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Center Column Archives
Occupy Oakland Anti-Repression Committee writes:
"Over the past year, we have experienced many forms of overt police repression, from the camp eviction and night of tear gas on October 25th, to raids on the vigil, to snatch and grab squads on May Day. We have come to expect the riot-clad police, with their batons and chemical weapons, although repression comes in other forms as well. As a community, we have not been sufficiently attuned to these other faces of repression."
On October 10th, Homes Not Jails and their allies occupied a building in the Castro neighborhood in San Francisco in solidarity with the 3rd annual World Homeless Action Day. The action began with a rally in Dolores Park, followed by a march to the occupation site. Homes Not Jails reclaimed the vacant space in an attempt to provide housing through direct action and protest the criminalization of homelessness. San Francisco police arrested twenty people on charges of burglary, conspiracy, and vandalism. Homes Not Jails intends to continue “to take to the streets to and take direct action” by occupying vacant buildings until their needs are met.
Following the lead of Occupy Wall Street, Occupy San Francisco, and other cities across the U.S., Occupy Oakland established itself on October 10th, 2011, with a large rally of thousands in the Frank Ogawa plaza in front of City Hall. Regular rallies, marches, workshops, and skillshares began to emanate from within the encampment. A second smaller camp was established in nearby Snow Park. Despite the encampments having been destroyed by police, and throughout numerous dramatic ups and downs, large and small, Occupy Oakland in various forms has persisted. Occupy Oakland celebrates its one-year anniversary at Snow Park on Lake Merritt at 5pm on Wednesday, October 10th
Decolonize the New World 2012 writes:
"Columbus Day 2012 marks the 520 year anniversary of the genocidal and ecocidal project of Empire building and colonial expansion that began with the conquistador invasion of this continent and continues to this day through the daily violence and exploitation of global capitalism. This year during Columbus Day weekend, a West Coast Anti-Colonial, Anti-Capitalist convergence is being organized in San Francisco." Scheduled are a Day Of Action Against Mexican, US & Canadian Consulates; a West Coast Anti-Colonial, Anti-Capitalist March; and a protest on the 11th Anniversary of the US/NATO War in Afghanistan.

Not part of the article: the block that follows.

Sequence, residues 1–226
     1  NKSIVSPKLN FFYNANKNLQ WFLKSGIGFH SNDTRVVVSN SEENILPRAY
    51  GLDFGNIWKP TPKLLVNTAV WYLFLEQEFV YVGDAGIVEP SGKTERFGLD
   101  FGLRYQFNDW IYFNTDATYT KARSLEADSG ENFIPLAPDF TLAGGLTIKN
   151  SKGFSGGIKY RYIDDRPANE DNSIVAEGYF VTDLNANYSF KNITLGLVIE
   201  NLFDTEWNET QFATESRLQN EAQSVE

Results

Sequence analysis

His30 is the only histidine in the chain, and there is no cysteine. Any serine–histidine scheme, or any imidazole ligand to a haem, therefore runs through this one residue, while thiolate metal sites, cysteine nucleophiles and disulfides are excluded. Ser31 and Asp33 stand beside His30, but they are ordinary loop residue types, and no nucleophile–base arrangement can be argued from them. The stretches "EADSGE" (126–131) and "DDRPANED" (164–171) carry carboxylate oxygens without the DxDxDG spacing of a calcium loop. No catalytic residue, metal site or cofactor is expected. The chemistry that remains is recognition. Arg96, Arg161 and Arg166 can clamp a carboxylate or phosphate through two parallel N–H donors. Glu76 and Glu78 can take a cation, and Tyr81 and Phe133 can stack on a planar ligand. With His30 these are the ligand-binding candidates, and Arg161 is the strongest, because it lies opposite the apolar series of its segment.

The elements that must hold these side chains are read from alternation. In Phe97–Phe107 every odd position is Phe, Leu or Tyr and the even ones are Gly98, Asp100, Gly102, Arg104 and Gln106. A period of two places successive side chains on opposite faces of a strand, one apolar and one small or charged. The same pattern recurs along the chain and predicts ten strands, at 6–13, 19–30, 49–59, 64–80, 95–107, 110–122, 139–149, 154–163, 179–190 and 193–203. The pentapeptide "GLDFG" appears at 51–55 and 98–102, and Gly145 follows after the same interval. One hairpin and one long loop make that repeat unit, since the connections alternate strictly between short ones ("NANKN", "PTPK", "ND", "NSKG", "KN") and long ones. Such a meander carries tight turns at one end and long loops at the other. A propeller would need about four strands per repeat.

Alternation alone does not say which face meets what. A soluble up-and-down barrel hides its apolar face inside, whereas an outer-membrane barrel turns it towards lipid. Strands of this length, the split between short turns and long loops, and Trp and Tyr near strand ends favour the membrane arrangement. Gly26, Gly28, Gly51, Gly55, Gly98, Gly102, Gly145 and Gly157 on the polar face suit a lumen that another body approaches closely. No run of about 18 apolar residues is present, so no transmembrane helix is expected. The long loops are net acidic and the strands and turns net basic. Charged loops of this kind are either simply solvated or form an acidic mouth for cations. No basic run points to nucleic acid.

Around 500 peaceful but rowdy protesters came out on September 17th in San Francisco to mark the first anniversary of Occupy Wall Street. The protest began with several separate actions around the Financial District, which coalesced in a rally in front of the Bank of America building. The protesters then marched to Wells Fargo corporate headquarters, filling more than two blocks with signs and banners, accompanied by the Brass Liberation Orchestra. Separately, similar anniversary events at Wall Street in New York City were met with a heavy police police presence followed by over 200 arrests.
Six months ago, local Occupy movements arrived at one of Monsanto corporation's Davis facilities at 6 a.m. Monsanto sent a message to their plant's workers to not come into work. The protest educated the public and initiated a conversation as a general assembly brainstormed solutions to Monsanto's corrupt ties with the government, unethical business practices, destruction of the environment, as well as the production of unhealthy food. Local activist groups plan to shutdown the Davis Monsanto plant once again on Monday, September 17th
The 2012 Republican National Convention was held in Tampa, Florida from August
28th through 30th. The entirety of downtown Tampa was within the RNC security zone. There were demonstrations, rallies, and marches happening throughout the week. Beforehand, hysterical corporate media reports — fed by releases from law enforcement authorities — warned of threats from "outlaws and anarchists." Local officials wrote a new-anti protest law, set up security cameras throughout the city, and set aside 1,700 beds at the local jail to handle "troublemakers", but the largest protest was only 1000 people strong and Tampa itself was largely a police state ghost town. There were just two arrests, both under the new city law. Indybay has reports, photos, and video from throughout, with more still coming in.